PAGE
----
Energy policy has been compiled over the years in a vast collection of federal
and state laws that often conflict and seldom encourage additional production.
There are the Public Utilities Holding Company Act, the Federal Power Act, the
Public Utility Regulatory Policies Act, and the Energy Policy Act, not to mention
the various environmental protection laws, occupational safety laws, and who
knows what else. These laws have created three forms of electricity providers:
investor-owned utilities, rural electric coops, and municipal power companies.
All are monopolies in that they possess a government franchise to serve a specific
area and class of customers.
The law having most impact at present is the Energy Policy Act of 1992. Under
this law, power generation was split off from transmission and distribution
and was designated as a new unregulated business exempt from the Public Utilities
Holding Company Act. Regulation of interstate transmission was left under the
Federal Energy Regulatory Commission (FERC), and regulation of local area power
distribution and siting of power plants were left up to the states. A new class
of unregulated "merchant generators" was born, and many investor-owned
utilities reorganized to separate generation, transmission, and distribution
into separate subsidiaries under a new holding company.
High-volume users immediately began lobbying states for the right to select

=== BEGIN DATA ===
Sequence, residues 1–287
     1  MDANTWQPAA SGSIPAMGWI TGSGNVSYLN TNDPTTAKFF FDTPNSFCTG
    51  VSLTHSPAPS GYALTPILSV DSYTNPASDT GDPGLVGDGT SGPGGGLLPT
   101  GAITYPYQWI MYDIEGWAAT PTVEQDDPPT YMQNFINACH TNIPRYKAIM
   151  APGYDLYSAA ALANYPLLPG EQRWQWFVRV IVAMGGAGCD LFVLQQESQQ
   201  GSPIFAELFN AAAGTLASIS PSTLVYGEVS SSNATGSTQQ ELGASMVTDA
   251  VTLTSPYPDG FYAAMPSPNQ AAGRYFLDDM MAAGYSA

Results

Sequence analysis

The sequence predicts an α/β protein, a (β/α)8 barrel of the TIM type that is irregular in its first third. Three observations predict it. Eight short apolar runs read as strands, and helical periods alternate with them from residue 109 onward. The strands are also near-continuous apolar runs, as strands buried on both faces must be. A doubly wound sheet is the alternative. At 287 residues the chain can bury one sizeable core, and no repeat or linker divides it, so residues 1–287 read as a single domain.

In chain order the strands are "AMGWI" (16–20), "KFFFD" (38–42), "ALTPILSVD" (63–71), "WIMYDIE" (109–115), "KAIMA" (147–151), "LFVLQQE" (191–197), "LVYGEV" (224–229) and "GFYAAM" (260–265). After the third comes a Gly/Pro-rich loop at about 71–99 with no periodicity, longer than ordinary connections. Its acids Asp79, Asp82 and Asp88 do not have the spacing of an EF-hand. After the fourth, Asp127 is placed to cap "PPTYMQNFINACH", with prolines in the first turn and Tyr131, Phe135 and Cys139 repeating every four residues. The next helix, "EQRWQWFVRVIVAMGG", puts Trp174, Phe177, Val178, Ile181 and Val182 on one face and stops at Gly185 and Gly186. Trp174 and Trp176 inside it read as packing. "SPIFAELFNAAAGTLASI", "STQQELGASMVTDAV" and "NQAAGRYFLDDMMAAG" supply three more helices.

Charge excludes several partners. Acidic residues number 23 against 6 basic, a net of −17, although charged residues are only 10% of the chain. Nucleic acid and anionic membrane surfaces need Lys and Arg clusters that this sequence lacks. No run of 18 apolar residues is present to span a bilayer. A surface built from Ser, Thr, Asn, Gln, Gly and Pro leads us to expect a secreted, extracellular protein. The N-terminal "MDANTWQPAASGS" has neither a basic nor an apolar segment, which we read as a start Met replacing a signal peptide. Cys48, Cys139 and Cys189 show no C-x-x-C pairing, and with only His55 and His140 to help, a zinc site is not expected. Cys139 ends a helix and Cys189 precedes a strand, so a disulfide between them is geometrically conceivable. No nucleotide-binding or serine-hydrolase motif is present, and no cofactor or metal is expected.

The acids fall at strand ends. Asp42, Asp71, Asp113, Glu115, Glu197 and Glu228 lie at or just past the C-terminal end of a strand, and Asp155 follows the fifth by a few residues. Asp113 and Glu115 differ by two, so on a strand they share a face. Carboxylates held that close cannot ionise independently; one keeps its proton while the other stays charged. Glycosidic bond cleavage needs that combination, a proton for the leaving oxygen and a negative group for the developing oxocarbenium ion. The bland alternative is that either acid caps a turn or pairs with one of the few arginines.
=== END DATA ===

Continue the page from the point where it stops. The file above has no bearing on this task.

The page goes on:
their power supplier instead of being required to buy from the monopoly investor-owned
utilities under state-controlled prices. This seemed like a good way to obtain
theoretical benefits of competition, and 24 states passed laws "deregulating"
their power markets. States with lower-than-national median rates declined to
change their policies, fearing that consumer prices might actually rise. However,
in order to protect the utilities from expected losses due to unrecoverable
"stranded costs" of generation plants, some states induced them to
sell their plants and buy power on the new unregulated wholesale market.
States also set a price cap or "default rate" for those customers
choosing to stay with the incumbent utility. Competitors from outside must offer
lower rates to gain any market share. In most restructured states, this has
been difficult so the number of customers actually switching to new suppliers
has been small, except for large-volume users who could negotiate better deals.
Timing for removal of the rate cap varies with the states and from utility to